Prince Caspian opens in movie theatres
In print since 1954, the seven volumes of CS Lewis's Chronicles of Narnia have sold more than 100 million copies in 41 languages.
The movie of Prince Caspian picks up where the 2005 film version of The Lion, the Witch and the Wardrobe left off. The Pevensie children (Peter, Susan, Edmund and Lucy) are suddenly called back to the land of Narnia from a British train platform. They find that 1300 years have passed in the one year they have been away.
Buildings where they lived have become ruins, and Narnia is suffering from the oppression of the Telmarines. Though it's a fantasy for children, Prince Caspian contains an emotional charge for any adult who has seen a beloved place or country change radically over his or her lifetime.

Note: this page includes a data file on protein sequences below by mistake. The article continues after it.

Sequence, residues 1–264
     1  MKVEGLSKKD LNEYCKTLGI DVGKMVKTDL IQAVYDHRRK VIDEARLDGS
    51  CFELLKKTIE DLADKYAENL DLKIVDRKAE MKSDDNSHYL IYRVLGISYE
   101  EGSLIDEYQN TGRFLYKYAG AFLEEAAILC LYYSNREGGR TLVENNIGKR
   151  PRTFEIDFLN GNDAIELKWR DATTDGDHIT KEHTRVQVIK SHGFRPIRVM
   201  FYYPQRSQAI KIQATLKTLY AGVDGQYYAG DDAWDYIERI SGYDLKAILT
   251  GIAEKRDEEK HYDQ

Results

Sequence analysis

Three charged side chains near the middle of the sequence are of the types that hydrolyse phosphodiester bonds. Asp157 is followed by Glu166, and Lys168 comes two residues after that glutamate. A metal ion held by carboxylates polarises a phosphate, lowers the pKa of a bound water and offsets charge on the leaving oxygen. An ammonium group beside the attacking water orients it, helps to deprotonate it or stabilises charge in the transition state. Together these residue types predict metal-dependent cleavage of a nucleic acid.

Prince Caspian had never been told the truth about Narnia's past, but he discovers it from his old nurse and a tutor. He encounters "old Narnians", living in hiding, who used to live freely before the Telmarines came to power. After initial doubts and misadventures, the old Narnians and the children agree to stand with Caspian in an attempt to restore Narnia. The Telmarines violently oppose them.
The trailer warns, "You may find Narnia a more savage place than you remember."
It's a place of awakenings, renewal and restoration, too.